The Walden Effect: Farming, simple living, permaculture, and invention.

Kobalt never flat wheel barrow field report

Kobalt never flat wheelbarrow

kobalt wheel barrow in actionWe've had the new Kobalt never flat wheel barrow in service for a few months now and it still feels like the best wheel barrow money can buy.

What would be great is if someone would come up with a never flat wheel upgrade for the size of wheels on the TC1840H garden wagon.

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About us: Anna Hess and Mark Hamilton spent over a decade living self-sufficiently in the mountains of Virginia before moving north to start over from scratch in the foothills of Ohio. They've experimented with permaculture, no-till gardening, trailersteading, home-based microbusinesses and much more, writing about their adventures in both blogs and books.

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They make them in the size you need for the cart, but they probably cost more than the cart. I saw some 13" tires for ~$70 each. You can just figure out what size axle is on the cart (5/8, 3/4, probably 3/4) and then just order them to fit the axle size.,or.r_gc.r_pw.&fp=3e51a8dc6b3a7cc0&biw=1310&bih=714

Comment by Shannon Sat May 21 00:37:02 2011
Thanks for finding that for us --- that was speedy!! :-) They do sound pretty expensive, though. On the other hand, they might pay for themselves --- we sure do get a lot of flats...
Comment by anna Sat May 21 09:06:44 2011

For tires with a separate inner tube, a good solution is to put some extra protection between the tire and tube. A strip of silicone sheet about 1/16" should do the trick. For bicycle tires there are special strips available, but I think they wouldn't be wide enough for these tires. Rubberized fabric might work as well. But if those are not available, get an old inner tube and cut it open to form a strip.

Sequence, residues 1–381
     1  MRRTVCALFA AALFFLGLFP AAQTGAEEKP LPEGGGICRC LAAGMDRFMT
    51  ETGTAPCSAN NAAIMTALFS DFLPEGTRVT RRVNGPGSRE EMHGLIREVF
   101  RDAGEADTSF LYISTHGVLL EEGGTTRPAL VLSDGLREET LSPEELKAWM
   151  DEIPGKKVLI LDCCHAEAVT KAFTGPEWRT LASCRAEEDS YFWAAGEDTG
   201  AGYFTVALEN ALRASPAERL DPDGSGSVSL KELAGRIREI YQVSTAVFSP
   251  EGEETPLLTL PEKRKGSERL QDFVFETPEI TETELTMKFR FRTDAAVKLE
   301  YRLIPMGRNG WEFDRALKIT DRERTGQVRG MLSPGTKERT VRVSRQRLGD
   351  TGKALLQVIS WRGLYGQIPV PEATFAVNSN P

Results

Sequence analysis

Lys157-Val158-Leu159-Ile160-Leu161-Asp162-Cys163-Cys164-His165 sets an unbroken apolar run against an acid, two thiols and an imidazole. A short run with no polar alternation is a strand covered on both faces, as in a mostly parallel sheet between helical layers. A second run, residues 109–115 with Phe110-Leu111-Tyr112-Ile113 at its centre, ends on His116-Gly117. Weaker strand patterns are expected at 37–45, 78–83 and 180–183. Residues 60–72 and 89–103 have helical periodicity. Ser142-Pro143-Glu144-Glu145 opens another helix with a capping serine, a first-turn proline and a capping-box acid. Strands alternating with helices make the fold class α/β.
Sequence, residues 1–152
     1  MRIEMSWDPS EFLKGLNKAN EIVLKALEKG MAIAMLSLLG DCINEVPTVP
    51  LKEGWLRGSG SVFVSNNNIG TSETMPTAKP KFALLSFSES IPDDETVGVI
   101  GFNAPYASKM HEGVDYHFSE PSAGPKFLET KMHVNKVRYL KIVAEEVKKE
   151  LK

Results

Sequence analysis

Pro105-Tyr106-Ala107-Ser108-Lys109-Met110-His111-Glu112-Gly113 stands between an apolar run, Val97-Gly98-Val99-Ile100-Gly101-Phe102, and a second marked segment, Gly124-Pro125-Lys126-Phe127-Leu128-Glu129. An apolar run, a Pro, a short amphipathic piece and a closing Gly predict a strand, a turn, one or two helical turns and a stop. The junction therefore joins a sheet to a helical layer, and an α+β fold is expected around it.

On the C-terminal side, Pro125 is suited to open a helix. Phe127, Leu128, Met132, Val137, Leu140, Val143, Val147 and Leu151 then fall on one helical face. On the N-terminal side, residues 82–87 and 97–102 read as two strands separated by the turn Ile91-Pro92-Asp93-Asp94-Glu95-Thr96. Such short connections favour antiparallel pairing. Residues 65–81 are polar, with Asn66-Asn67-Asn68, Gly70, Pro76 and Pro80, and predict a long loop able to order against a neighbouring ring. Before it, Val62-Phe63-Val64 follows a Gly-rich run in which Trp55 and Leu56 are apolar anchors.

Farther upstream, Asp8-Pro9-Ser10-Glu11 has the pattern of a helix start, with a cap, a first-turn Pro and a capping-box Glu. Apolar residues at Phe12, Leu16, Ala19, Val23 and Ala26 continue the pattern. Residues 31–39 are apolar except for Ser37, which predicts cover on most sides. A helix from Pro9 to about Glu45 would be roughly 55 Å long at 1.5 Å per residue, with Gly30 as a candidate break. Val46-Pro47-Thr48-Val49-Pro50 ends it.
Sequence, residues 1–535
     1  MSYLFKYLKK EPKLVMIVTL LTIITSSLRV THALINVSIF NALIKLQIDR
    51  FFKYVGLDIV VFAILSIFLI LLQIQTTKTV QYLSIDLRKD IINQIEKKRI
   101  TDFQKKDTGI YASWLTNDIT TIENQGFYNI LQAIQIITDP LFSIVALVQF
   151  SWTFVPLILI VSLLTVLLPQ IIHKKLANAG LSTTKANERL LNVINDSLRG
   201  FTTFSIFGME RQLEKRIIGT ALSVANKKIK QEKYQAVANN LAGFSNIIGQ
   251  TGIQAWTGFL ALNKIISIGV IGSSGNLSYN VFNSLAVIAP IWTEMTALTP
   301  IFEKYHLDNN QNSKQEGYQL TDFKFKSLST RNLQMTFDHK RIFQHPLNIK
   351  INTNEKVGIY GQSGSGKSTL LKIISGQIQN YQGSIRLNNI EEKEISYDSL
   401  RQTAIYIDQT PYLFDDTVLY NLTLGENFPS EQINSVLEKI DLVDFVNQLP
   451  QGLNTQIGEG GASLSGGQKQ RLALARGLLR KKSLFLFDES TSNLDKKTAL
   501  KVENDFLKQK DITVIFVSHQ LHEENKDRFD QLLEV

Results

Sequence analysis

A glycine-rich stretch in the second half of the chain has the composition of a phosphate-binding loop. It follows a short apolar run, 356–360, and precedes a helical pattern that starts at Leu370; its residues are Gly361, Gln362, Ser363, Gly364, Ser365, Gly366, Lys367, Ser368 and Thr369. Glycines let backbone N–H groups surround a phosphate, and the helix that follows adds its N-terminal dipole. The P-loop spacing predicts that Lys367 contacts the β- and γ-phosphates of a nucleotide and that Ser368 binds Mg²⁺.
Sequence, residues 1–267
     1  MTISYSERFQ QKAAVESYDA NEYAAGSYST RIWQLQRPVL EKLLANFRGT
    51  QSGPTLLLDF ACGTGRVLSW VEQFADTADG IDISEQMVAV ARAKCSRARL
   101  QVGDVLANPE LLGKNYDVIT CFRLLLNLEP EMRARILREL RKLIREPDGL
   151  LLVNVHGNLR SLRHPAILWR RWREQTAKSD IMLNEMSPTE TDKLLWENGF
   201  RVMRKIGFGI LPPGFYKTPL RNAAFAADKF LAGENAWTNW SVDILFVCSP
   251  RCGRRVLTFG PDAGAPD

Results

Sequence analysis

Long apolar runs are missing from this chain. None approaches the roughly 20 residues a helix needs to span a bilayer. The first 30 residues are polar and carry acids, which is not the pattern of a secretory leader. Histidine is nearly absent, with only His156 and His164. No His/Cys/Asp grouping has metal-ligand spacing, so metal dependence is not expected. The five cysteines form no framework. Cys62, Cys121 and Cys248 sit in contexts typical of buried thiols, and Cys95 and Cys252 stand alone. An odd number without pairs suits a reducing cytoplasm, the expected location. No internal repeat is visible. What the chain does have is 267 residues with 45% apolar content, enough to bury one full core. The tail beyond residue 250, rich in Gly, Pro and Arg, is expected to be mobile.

Deflate the inner tube and pull one bead of the tire over the rim. Put your strip of rubber between the inside of the running surface of the tire and the inner tube. Now partially inflate the inner tube so that the extra layer is locked between the tire and inner tube. Re-seat the bead of the tire on the rim and fill the tube to the correct pressure.

I recently did this for my bike, and it works really well.

For a tubeless tire this technique should work as well, but you'd have to bond the extra layer to the inside of the tire. Do not try this with your car, though; it might unbalance the wheel at high speed!

Comment by Roland_Smith Sat May 21 19:08:10 2011

That Platt product seems like a great idea.

I think I might cut up an old inner tube and try your idea of an additional layer some day. Sure is cheaper than forking out 70 dollars for a proper never flat tube.

I'm wondering if one could use the locomotion of pedaling to power some sort of repulsive magnetic field that would push a nail or sharp metal objects out of your path of the bike?

Might have to consult science fiction literature for blue prints of a tractor beam.

Comment by mark Sun May 22 18:42:50 2011

A stationary magnetic field will only repulse diamagnetic objects, and will attract most (paramagnetic) metals. And the last couple of leaks I had were from a glass splinter and a piece of flint respectively. None of which are affected by magnets. And due to the inverse square law, the magnet would have to be fairly strong and close to the road to work.

The generator on a bike usually produces something in the order of 3W max, which isn't enough to power a really big electromagnet.

One could attach a brush to the bike to clear the path in front of the wheels, but that would literally be quite a drag. And since cyclists have a limited power budget (say about 100W continuous for commuting, 250W for athletes) that's not very attractive.

Comment by Roland_Smith Mon May 23 01:35:25 2011

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